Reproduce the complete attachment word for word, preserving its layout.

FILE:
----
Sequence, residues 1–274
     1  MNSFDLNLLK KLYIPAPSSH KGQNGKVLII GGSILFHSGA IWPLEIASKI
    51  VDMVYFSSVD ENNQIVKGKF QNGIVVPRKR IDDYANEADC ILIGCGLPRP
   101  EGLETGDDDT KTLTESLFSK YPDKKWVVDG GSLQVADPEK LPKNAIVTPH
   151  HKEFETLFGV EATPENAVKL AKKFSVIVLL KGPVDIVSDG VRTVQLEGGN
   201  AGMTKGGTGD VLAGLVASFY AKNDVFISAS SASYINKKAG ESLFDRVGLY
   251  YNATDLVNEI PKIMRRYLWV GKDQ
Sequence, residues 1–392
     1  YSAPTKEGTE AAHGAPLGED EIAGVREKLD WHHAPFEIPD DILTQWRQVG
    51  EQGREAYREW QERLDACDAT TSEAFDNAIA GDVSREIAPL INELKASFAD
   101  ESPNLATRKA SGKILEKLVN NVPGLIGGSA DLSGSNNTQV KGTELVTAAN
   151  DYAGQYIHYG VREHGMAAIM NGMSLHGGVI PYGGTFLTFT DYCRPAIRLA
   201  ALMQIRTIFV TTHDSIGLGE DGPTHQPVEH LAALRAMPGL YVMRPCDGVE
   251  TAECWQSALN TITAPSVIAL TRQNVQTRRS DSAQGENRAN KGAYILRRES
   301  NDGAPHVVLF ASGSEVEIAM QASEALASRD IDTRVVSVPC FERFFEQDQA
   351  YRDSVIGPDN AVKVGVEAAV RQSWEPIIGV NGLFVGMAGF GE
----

Sequence, residues 1–274
     1  MNSFDLNLLK KLYIPAPSSH KGQNGKVLII GGSILFHSGA IWPLEIASKI
    51  VDMVYFSSVD ENNQIVKGKF QNGIVVPRKR IDDYANEADC ILIGCGLPRP
   101  EGLETGDDDT KTLTESLFSK YPDKKWVVDG GSLQVADPEK LPKNAIVTPH
   151  HKEFETLFGV EATPENAVKL AKKFSVIVLL KGPVDIVSDG VRTVQLEGGN
   201  AGMTKGGTGD VLAGLVASFY AKNDVFISAS SASYINKKAG ESLFDRVGLY
   251  YNATDLVNEI PKIMRRYLWV GKDQ
Sequence, residues 1–392
     1  YSAPTKEGTE AAHGAPLGED EIAGVREKLD WHHAPFEIPD DILTQWRQVG
    51  EQGREAYREW QERLDACDAT TSEAFDNAIA GDVSREIAPL INELKASFAD
   101  ESPNLATRKA SGKILEKLVN NVPGLIGGSA DLSGSNNTQV KGTELVTAAN
   151  DYAGQYIHYG VREHGMAAIM NGMSLHGGVI PYGGTFLTFT DYCRPAIRLA
   201  ALMQIRTIFV TTHDSIGLGE DGPTHQPVEH LAALRAMPGL YVMRPCDGVE
   251  TAECWQSALN TITAPSVIAL TRQNVQTRRS DSAQGENRAN KGAYILRRES
   301  NDGAPHVVLF ASGSEVEIAM QASEALASRD IDTRVVSVPC FERFFEQDQA
   351  YRDSVIGPDN AVKVGVEAAV RQSWEPIIGV NGLFVGMAGF GE